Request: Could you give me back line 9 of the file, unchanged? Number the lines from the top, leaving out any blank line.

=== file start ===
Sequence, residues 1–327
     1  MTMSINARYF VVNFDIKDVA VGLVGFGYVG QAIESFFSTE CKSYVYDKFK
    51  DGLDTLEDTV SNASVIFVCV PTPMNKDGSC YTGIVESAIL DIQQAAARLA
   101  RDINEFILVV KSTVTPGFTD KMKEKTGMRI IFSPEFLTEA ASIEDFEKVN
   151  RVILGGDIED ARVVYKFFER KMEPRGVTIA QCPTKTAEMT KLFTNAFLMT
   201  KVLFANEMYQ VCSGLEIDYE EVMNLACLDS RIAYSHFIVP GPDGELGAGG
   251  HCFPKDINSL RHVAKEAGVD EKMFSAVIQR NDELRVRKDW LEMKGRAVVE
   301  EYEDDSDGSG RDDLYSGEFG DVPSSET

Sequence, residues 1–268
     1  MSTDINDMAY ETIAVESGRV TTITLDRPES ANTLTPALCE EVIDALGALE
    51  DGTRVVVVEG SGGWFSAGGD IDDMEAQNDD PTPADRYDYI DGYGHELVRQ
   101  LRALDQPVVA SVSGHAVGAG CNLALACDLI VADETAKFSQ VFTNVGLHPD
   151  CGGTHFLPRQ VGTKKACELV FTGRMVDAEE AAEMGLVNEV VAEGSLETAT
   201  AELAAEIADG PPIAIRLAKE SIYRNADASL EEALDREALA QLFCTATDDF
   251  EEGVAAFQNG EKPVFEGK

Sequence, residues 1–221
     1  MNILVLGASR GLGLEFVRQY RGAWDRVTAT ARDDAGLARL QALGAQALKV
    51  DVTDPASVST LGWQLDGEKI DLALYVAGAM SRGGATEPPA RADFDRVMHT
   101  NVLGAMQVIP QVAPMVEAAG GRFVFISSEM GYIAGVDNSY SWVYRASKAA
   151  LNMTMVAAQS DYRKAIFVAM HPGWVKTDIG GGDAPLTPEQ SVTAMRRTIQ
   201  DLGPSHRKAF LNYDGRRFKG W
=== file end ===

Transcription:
Sequence, residues 1–268